|Intrathecal – directly into cerebrospinal fluid by a catheter|
|Elimination half-life||2.9 to 6.5 hours|
|Chemical and physical data|
|Molar mass||2639 g/mol g·mol−1|
|3D model (JSmol)|
|(what is this?)|
Ziconotide (SNX-111; Prialt) is an atypical analgesic agent for the amelioration of severe and chronic pain. Derived from Conus magus, a cone snail, it is the synthetic form of an ω-conotoxin peptide. It is 1,000 times as powerful as morphine.
Ziconotide is derived from the toxin of the cone snail species Conus magus. Scientists have been intrigued by the effects of the thousands of chemicals in marine snail toxins since the initial investigations in the late 1960s by Baldomero Olivera. Olivera, now a professor of biology in the University of Utah, was inspired by accounts of the deadly effects of these toxins from his childhood in the Philippines. Ziconotide was discovered in the early 1980s by University of Utah research scientist Michael McIntosh, when he was barely out of high school and working with Baldomero Olivera.
Ziconotide was developed into an artificially manufactured drug by Elan Corporation. It was approved for sale under the name Prialt by the U.S. Food and Drug Administration on December 28, 2004, and by the European Commission on February 22, 2005. Azur Pharma acquired worldwide rights (except Europe) to Prialt in 2010.
Ziconotide is a hydrophilic molecule that is freely soluble in water and is practically insoluble in methyl t-butyl ether. Ziconotide acts as a selective N-type voltage-gated calcium channel blocker. This action inhibits the release of pro-nociceptive neurochemicals like glutamate, calcitonin gene-related peptide (CGRP), and substance P in the brain and spinal cord, resulting in pain relief.
Due to the profound side effects or lack of efficacy when delivered through more common routes, such as orally or intravenously, ziconotide must be administered intrathecally (i.e. directly into the spinal fluid). As this is the most expensive and invasive method of drug delivery and involves additional risks of its own, ziconotide therapy is generally considered appropriate (as evidenced by the range of use approved by the FDA in the US) only for “management of severe chronic pain in patients for whom intrathecal (IT) therapy is warranted and who are intolerant of or refractory to other treatment, such as systemic analgesics, adjunctive therapies or IT morphine”. Research is ongoing to determine whether ziconotide can be formulated in a way that would allow it to be administered by less invasive means.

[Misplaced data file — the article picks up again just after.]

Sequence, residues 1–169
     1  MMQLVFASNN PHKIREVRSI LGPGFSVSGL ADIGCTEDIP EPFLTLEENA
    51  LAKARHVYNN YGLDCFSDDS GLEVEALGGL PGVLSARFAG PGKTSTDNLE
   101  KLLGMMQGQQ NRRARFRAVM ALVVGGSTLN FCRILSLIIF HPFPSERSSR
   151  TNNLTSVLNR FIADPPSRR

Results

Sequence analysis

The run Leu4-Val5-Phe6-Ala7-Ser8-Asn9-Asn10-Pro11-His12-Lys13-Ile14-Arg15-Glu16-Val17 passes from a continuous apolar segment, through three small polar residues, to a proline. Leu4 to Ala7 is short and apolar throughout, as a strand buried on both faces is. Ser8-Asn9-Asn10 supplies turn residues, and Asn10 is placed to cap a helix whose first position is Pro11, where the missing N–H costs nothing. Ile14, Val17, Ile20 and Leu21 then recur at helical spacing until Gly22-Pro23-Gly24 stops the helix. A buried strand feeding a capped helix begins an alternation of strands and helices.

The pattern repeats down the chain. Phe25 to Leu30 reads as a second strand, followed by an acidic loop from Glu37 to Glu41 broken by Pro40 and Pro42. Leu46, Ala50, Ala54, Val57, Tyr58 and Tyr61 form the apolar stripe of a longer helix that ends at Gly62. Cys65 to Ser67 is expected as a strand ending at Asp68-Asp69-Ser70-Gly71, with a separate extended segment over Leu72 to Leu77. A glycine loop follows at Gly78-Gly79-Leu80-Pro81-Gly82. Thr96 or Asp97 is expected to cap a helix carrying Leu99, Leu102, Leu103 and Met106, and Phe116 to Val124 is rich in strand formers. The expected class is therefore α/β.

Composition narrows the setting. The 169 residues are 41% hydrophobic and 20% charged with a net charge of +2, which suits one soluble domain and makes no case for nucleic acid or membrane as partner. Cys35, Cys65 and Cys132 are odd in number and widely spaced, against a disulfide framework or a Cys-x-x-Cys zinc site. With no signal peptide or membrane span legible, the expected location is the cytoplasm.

However, this must be weighed against the high level of pain management, both in terms of degree and length, and the apparent lack of tolerance and other signs of dependence even after extended treatment along with the need for alternatives to other therapies that have not worked for the patient. Ziconotide is also contraindicated for patients with certain preexisting mental disorders (e.g. psychosis) due to evidence that they are more susceptible to certain severe side effects.
The most common side effects are dizziness, nausea, confusion, nystagmus and headache. Others may include weakness, hypertonia, ataxia, abnormal vision, anorexia, somnolence, unsteadiness on feet, vertigo, urinary retention, pruritis, increased sweating, diarrhea, nausea, vomiting, asthenia, fever, rigors, sinusitis, muscle spasms, myalgia, insomnia, anxiety, amnesia, nystagmus, tremor, memory impairment and induced psychiatric disorders. Other side effects which are less frequent but still clinically significant include auditory and visual hallucinations, thoughts of suicide, acute kidney failure, atrial fibrillation, cardiovascular accident, sepsis, new or worsening depression, paranoia, disorientation, meningitis and seizures. Therefore, it is contraindicated in people with a history of psychosis, schizophrenia, clinical depression, and bipolar disorder. Recent incidents suggesting a link between intrathecal ziconotide treatment and increased risk of suicide have led to calls for strict and ongoing psychiatric monitoring of patients to avoid suicide occurring in vulnerable individuals. There is no known antidote.
The drug was patented by Neurex Corp., a U.S. company purchased in 1998 by Élan Corporation, plc of Ireland. U.S. patents assigned to Elan include 5,859,186, 5,795,864 5,770,690, 5,587,454, and 5,587,454.